I think that everyone’s freedom of expression is inhibited to a certain degree. Obviously, when I was incarcerated my freedom of expression was severely constrained. However, even after I was released, having a felony record seriously limited my employment and educational opportunities. While an education and a job may not seem directly related to the freedom of expression, I think they definitely are. Without steady employment or a livable wage, all of a person’s time and energy are inevitably eaten up by working multiple jobs or longer low-wage shifts. The fatigue that comes from this lifestyle can dull every aspect of life, including the emotional, mental, and internal ones related to expression. For me, it inhibited my ability to express myself not only to the world but also in my own mind. In short, it’s hard to express yourself if you are broke and tired all the time. And education provides some of the fodder for free expression. That’s not to say that I think only the highly educated can express themselves. I don’t. But I do think that an education can help illuminate what you want to express and help you articulate it. I was exposed to ideas that helped me understand my own life, concretely and materially, and articulate my feelings about it. They say it can also help you get a job (theoretically). So, I would say that the biggest threats to free expression today are the material obstacles to reliable income and education. While it is not as dramatic as some other threats, these subtle forms of suppression affect almost everyone in some way—through expensive degrees, student loans, discriminatory hiring processes, domineering jobs, long hours, etc. Incarceration is simply one of the most extreme examples of it.
6. What’s the most daring thing you’ve ever put into words?
The most daring thing that I’ve ever put on paper is the truth about my life as a Mainline Mama. For about 13 years I lied to people about my life. Those who were not family or close friends were unaware that my then husband was incarcerated and that I spent most weekends with our children visiting. I kept my weekday and weekend lives separate out of fear of the stigma that comes with being in a relationship with an incarcerated person. I feared how people would judge me not only for being in a relationship with an incarcerated person, but also for being a regular—I worried people would judge me for my commitment to keeping a family together every week by visiting the prison. It was a secret that I held very close to my heart; I did not trust people with this part of my life and I didn’t want to be vulnerable. As each year passes, I walk a little more in my truth each day. But it wasn’t until I wrote it down that I truly started to understand my story as one of resilience and survival instead of wearing it as a scar.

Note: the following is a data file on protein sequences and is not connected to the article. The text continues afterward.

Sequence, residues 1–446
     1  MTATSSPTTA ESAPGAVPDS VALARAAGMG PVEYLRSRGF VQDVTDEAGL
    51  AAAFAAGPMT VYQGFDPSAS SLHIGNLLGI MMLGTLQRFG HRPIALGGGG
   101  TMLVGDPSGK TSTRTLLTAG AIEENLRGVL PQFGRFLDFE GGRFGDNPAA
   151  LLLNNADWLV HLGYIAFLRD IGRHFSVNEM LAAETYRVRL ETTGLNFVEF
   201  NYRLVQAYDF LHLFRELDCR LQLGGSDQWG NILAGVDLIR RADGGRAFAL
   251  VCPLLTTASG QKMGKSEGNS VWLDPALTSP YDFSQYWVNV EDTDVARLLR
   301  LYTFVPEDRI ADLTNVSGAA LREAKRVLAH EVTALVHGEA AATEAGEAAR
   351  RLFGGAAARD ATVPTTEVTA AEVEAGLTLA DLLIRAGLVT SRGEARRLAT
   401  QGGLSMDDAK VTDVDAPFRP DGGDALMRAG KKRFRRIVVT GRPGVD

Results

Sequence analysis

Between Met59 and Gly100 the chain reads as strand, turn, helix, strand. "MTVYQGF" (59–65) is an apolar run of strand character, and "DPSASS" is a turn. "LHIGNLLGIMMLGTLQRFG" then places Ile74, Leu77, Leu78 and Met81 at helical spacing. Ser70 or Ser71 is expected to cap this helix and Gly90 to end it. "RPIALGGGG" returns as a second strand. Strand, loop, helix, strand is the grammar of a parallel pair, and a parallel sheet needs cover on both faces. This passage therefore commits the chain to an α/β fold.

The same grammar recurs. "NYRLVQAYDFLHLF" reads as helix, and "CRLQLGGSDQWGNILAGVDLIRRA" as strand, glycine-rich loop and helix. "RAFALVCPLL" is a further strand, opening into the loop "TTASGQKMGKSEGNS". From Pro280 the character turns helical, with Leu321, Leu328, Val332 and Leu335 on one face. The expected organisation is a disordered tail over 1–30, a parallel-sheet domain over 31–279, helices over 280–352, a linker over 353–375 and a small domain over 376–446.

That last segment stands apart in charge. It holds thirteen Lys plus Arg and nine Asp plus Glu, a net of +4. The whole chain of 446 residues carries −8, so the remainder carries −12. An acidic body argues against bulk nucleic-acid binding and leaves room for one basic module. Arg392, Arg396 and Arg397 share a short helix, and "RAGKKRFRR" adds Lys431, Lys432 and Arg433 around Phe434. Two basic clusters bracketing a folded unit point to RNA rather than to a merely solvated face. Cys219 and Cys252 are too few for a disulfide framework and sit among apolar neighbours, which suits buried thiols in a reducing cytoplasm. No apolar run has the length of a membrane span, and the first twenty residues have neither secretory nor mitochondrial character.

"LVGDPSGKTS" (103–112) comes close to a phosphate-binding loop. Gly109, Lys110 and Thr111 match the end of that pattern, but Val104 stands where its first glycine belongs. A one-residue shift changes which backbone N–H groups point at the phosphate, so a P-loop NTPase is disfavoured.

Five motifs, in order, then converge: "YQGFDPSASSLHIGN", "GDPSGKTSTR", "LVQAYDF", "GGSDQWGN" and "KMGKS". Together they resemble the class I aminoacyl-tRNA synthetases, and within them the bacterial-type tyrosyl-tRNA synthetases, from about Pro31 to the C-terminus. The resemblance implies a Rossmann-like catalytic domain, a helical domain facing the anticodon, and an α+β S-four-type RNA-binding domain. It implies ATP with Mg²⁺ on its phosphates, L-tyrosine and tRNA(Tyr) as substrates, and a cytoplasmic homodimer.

7. Have you ever written something you wish you could take back? What was your course of action?
I’ve written so many things that I’ve later returned to and realized that I missed out on something. The emotion, the complexity, some fear. But writing is about failing, and so I don’t stress those failures, as much as I regret when I don’t catch it quick. When a poem marinates and then gets published, and only a year or two or three later do I realize how suspect my thinking was in the poem. I could give examples, but part of this is also about the ways in which my responses to my own poetry might not be the public’s response. And so, it’s really a personal thing. But one example, that isn’t about the things said in the poem, but the structure. I wrote “What We Know of Horses” about five or so years ago. It was a canzone, a really formal poem that repeats five words, always at the end of the line, in a preset order. The poem is maybe 65 lines long. I dug this poem. It was published and won a Pushcart. But, it nagged at me. The lines were long, longer than my usual line. And I’d read it and find myself inserting hard caesuras—I had to revise it. And what I ended up doing was shortening the line, loosening the form, and ramping up the repetition even more. Maybe the point isn’t that I wish I could take back the first version, but that I realized the first version should have never been published. It wasn’t ready. Though, publishing it is what made me realize that it wasn’t ready.
—Reginald Dwayne Betts
8. In an era of deep fissures and divides across the American landscape, to what extent can the act of writing provide connection between disparate identities? What are the possibilities for writing to bridge difference—or conversely, what are the limitations?
As insane as the political situation is in our country right now, I have a lot of faith that America is going to be okay. That said, I think the biggest obstacle we need to overcome—and that means all reaches of the spectrum—is this strange echo chamber of personal belief we often seem to find ourselves in.